Wikipedia's new plea for donations stirs skepticism
By Jacqui Cheng | Published: December 30, 2008 - 01:30PM CT
Regular visitors of Wikipedia have become so familiar with the standard fundraising banner at the top of the page that they've practically become blind to it, but Wikipedia founder Jimmy Wales has mixed things up by replacing it recently with a personal plea for donations. Wales' appeal has triggered renewed discussion about the site and its ability to sustain itself without advertising, while many remain skeptical about the severity of the situation. In his letter to Wikipedia readers, Wales notes that the Wikimedia Foundation has a relatively small staff (23 members) and that all of its content is free. He says that donations help the organization cover the increasing cost of bandwidth and help improve the site's software. "Like a national park or a school, we don't believe advertising should have a place in Wikipedia. We want to keep it free and strong, but we need the support of thousands of people like you," reads the letter. Wales' appeal has been compared to a PBS pledge drive—annoying at best, unnecessary at worst. Critics have long suggested that Wikipedia simply give up harassing its members with endless donation requests and turn to the ad-based revenue model that supports many other sites that offer free content to users, but Wikipedia has so far been adamantly against this option.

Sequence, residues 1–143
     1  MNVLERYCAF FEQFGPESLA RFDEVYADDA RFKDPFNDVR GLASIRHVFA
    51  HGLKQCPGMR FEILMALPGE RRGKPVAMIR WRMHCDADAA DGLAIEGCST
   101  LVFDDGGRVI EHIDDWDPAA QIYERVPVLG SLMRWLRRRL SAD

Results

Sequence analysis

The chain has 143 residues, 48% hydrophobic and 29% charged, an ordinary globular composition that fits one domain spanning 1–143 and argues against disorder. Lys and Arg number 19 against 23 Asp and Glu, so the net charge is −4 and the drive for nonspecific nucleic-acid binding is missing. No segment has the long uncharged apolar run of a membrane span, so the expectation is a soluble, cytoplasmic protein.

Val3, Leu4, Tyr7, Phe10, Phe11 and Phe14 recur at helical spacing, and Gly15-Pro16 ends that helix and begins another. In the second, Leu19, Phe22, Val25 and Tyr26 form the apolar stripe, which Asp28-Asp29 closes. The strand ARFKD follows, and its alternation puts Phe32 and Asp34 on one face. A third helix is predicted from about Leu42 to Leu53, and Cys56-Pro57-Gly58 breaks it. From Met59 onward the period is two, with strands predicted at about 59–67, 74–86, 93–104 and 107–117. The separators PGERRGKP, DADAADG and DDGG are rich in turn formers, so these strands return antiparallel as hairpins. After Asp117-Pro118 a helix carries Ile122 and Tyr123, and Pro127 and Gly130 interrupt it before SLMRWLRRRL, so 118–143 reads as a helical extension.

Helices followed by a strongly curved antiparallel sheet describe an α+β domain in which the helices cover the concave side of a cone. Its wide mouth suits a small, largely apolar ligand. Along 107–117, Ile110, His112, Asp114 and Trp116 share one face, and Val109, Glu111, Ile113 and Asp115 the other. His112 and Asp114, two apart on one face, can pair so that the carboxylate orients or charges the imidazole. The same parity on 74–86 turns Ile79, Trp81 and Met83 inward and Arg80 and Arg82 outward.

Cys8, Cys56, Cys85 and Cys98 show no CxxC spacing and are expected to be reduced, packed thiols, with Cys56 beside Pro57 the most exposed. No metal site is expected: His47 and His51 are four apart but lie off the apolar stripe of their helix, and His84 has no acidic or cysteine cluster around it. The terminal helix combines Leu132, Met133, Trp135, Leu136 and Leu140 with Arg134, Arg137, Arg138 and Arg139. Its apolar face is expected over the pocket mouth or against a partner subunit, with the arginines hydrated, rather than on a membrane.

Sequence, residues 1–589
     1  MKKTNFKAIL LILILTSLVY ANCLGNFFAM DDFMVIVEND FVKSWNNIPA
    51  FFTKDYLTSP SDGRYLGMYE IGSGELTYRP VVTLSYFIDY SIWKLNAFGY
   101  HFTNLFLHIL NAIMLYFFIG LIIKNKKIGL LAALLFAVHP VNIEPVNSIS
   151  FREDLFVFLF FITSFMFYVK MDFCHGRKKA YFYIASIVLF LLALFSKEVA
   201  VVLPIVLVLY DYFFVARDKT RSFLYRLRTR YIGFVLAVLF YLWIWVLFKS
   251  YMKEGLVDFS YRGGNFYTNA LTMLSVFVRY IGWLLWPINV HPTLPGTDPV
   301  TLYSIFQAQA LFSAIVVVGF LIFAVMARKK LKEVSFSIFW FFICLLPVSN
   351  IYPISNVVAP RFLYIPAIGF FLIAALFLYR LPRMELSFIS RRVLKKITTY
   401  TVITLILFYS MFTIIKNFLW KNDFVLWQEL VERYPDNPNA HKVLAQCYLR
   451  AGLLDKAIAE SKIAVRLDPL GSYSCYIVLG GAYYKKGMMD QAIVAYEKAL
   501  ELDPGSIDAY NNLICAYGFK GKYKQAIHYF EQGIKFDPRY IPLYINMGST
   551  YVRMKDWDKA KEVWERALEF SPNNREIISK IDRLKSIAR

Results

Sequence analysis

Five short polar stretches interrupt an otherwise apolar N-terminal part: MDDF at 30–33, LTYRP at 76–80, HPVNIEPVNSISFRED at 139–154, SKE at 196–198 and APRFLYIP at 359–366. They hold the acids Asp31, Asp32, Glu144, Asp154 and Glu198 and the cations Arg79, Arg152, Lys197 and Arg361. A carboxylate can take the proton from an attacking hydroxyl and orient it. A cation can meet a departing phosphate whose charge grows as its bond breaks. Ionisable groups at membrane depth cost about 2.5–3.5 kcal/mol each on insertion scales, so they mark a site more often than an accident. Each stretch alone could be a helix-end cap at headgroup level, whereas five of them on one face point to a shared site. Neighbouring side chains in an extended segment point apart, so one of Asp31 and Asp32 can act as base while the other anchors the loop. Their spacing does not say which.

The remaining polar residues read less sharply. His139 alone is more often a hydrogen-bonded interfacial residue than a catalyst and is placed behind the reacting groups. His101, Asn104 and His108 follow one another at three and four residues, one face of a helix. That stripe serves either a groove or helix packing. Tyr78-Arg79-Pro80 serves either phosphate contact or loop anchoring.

Not that an ad model would somehow automatically solve Wikipedia's funding issues. Companies like YouTube have had serious trouble trying to monetize user-generated content through advertising, and it's not hard to see why; what big-time brand wants to take a chance on appearing above unvetted and potentially libelous entries that could, at any moment, have key words replaced by terms for genitalia?
Former Wikimedia employee Danny Wool publicly criticized Wikipedia's constant donation drive on his blog last month by saying the organization is incredibly bloated and inefficient. He points out that Wikipedia once accepted numerous tiny donations (á la the Obama campaign—every little bit counts) but now has a suggested minimum of $30. "As for Administrative expenses, should a charity that lives on $6 million be paying bloated salaries to the ED and her office, i.e., 8 percent of the budget?" Wool wrote. "Is that what people should be donating to support? Please donate to Wikipedia, so that [executive director] Sue Gardner can be among the elite few whom Obama admits he will raise their taxes? No wonder the WMF doesn't want the small donations any more."